Love and Grief

Pik-Shuen Fung, winner of this year’s Amazon Canada First Novel Award, discusses the unbearable lightness of grief.

Side-by-side image of the novel, Ghost Forest (left) and a headshot of author Pik-Shuen Fung.

Like many authors, Pik-Shuen Fung was grappling with grief when she began to write. The result is Ghost Forest, a fragmented account of an unnamed narrator’s dream-like attempt to way-find through loss. Fung’s moving portrait of a Chinese-Canadian astronaut family cobbles together threads of memory, light and dark, into one woman’s oral history of loss. Here, the author—winner of this year’s Amazon Canada First Novel Prize—processes a work that helped her process her own life.

Your narrator is forced to process the death of her father in the context of her family’s silence. People don’t always find the words for grief; how did you find the words for this book?

I actually started writing this book when I was grieving. It was really important for me to write a book that felt very spacious. Even though grief is such a universal experience, it’s experienced so differently by every single one of us, and every single time is so different. I wanted there to be lots of space for readers to feel their own emotions and draw their own connections as they were reading. That’s why there’s very little interiority of the narrator. That’s also why I wanted to have so much empty space on the pages.

The book focuses on a Chinese-Canadian astronaut family, so you have the existing distance between the protagonist and her father—and then he passes away, creating even more distance.

So much of the story is not only about the loss of her father, but also his absence throughout her entire life. So the grief is for a lifetime of his absence. Then there’s also grief about things that are lost through immigration and through generations. There’s definitely a lot of different distances in the book.

So much of what we know and remember about loved ones who have passed on is constructed from bolstering our narrative with other people’s narratives. How does your narrator craft the story of her father given the influence of her family?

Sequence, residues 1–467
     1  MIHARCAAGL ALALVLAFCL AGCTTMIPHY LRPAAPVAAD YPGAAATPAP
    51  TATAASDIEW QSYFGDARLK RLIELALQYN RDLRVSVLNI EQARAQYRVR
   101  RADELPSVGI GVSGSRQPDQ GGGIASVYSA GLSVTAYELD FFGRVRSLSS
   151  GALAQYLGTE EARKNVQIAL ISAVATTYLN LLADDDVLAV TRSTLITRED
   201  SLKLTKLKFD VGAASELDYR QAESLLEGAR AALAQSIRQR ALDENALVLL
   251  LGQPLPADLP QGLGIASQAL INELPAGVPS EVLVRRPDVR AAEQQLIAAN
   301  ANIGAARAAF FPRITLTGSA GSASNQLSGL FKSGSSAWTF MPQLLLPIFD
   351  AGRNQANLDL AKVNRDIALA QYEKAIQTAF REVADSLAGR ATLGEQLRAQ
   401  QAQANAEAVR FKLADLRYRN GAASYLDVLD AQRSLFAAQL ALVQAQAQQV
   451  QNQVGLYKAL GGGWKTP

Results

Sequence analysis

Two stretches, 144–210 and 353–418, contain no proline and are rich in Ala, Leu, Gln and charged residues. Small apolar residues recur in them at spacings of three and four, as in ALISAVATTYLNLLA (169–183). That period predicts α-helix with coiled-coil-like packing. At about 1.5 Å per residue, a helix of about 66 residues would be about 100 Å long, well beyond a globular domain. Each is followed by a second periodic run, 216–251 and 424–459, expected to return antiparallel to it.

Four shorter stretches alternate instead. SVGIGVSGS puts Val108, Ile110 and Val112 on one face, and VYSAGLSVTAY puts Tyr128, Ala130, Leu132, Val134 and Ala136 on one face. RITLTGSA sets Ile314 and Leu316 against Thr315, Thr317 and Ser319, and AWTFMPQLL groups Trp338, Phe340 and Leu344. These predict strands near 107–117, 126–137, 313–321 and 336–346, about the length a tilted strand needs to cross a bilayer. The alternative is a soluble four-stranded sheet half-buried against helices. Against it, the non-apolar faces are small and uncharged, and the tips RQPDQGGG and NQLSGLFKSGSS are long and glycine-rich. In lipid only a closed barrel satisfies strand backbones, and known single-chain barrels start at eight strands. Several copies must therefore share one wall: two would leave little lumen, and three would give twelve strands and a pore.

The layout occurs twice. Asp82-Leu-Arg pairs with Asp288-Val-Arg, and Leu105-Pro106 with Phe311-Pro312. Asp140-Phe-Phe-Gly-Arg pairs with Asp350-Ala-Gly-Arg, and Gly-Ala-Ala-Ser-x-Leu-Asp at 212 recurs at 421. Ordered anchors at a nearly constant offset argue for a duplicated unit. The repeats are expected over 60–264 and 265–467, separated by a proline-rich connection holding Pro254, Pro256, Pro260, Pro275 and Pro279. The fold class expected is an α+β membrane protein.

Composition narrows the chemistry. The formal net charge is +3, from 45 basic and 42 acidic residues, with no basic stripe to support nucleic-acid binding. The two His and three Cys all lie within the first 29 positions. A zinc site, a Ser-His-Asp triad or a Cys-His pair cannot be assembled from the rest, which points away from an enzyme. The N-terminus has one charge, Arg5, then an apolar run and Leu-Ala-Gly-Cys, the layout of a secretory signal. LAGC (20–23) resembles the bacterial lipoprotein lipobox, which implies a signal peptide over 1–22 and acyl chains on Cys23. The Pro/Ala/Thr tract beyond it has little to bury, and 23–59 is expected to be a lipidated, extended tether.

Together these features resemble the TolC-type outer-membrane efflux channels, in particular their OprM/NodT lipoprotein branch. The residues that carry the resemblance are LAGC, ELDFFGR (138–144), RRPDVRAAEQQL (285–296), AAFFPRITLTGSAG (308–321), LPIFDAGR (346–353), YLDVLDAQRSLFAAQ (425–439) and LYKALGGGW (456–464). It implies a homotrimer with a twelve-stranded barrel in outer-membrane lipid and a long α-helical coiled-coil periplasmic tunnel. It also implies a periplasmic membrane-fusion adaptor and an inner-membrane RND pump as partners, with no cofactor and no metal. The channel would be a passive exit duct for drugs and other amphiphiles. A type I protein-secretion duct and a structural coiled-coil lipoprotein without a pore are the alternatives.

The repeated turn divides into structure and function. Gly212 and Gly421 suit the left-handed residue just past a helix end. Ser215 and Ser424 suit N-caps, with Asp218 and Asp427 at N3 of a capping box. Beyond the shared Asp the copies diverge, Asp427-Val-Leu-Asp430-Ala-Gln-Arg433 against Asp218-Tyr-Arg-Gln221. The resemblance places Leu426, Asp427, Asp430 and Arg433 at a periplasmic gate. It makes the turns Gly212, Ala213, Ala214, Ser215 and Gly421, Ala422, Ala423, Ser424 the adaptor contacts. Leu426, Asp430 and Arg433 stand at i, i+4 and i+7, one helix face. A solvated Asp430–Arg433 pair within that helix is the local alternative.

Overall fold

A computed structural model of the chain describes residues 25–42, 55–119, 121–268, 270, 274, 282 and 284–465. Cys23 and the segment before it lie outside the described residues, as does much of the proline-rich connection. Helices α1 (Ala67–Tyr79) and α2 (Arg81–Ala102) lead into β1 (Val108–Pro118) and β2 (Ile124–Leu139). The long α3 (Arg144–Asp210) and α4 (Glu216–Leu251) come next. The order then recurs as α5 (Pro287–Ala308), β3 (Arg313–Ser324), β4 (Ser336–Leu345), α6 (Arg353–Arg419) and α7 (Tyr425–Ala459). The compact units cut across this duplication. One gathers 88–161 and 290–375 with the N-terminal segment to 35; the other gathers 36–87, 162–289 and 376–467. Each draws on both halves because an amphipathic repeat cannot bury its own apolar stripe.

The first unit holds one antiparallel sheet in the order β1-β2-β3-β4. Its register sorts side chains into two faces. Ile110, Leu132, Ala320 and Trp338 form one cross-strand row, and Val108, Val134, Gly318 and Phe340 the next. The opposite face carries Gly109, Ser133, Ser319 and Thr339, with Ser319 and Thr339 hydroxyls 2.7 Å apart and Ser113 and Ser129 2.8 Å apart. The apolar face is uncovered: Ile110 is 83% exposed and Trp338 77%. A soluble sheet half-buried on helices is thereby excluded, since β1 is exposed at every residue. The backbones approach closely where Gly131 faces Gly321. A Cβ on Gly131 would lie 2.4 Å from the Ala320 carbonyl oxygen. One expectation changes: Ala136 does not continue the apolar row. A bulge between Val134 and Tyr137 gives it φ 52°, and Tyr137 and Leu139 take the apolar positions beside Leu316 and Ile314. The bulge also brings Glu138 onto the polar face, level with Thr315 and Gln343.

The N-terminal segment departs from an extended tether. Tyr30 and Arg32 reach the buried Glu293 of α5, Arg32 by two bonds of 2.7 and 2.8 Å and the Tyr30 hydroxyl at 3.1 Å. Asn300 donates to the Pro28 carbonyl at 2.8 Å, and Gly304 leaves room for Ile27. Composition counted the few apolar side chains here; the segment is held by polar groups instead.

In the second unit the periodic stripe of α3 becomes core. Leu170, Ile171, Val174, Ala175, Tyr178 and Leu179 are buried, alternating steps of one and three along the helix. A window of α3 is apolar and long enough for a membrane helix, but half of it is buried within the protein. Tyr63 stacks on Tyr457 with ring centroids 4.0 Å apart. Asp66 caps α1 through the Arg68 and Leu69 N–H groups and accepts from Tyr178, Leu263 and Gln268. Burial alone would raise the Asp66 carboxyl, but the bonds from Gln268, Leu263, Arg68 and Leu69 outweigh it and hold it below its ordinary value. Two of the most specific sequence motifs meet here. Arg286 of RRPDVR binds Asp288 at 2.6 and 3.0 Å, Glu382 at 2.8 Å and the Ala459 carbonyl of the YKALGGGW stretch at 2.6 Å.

When she’s reflecting on memories of her father, she realizes there are so many questions that she wants to ask him but she doesn’t have the chance anymore. That’s why she turns to her mother and grandmother—to get a fuller picture of their family history. But there’s also a scene near the end of the book when she rediscovers an email that her dad had sent her years ago, one she completely forgot about. In it, he was very encouraging and praised her, which didn’t fit at all with her perception of him as being very critical. She felt she was never good enough for him. I was trying to show that our relationships can still keep evolving and our perceptions keep changing long after loved ones are gone.

Did writing about your narrator’s process inform the ways in which you grieved?

I found grief to be a very dream-like experience. One of the reasons I wrote this book in a non-linear, fragmented way was because I wanted to mimic this experience of how memories are called up through associations of words or sounds or images. I was trying to recreate the feeling of being in a liminal space, and not remembering everything in vivid sensory detail in my own life. My grief was a very intuitive, emotional experience.

There’s a lot of moments in Ghost Forest that try to touch joy. Sometimes, the joy you feel in remembering someone lost brings about the most sadness. How did you navigate that balance in this work?

Even though it’s a book about grief, there’s humour and joy and tenderness in it. It’s not one-note. In the beginning, I thought I was writing a book about grief, and as I was writing, I realized this is also a book about love. It’s also a book about the joy of being alive—and the joy of being able to speak to our family members that are still alive.

Can you share a favourite moment of lightness?

There’s a scene at the hospital, where the two sisters are sitting by their father’s bedside. The narrator asks whether her father would rather have a compliment or a hug, to try to understand what his love language is. He’s obviously not interested at all in the conversation. The sister then asks, “What’s your favourite colour?” And he says brown. I think I was just trying to capture this kind matter-of-fact humour that families enjoy with each other—even in the most difficult and trying times.


Katie Underwood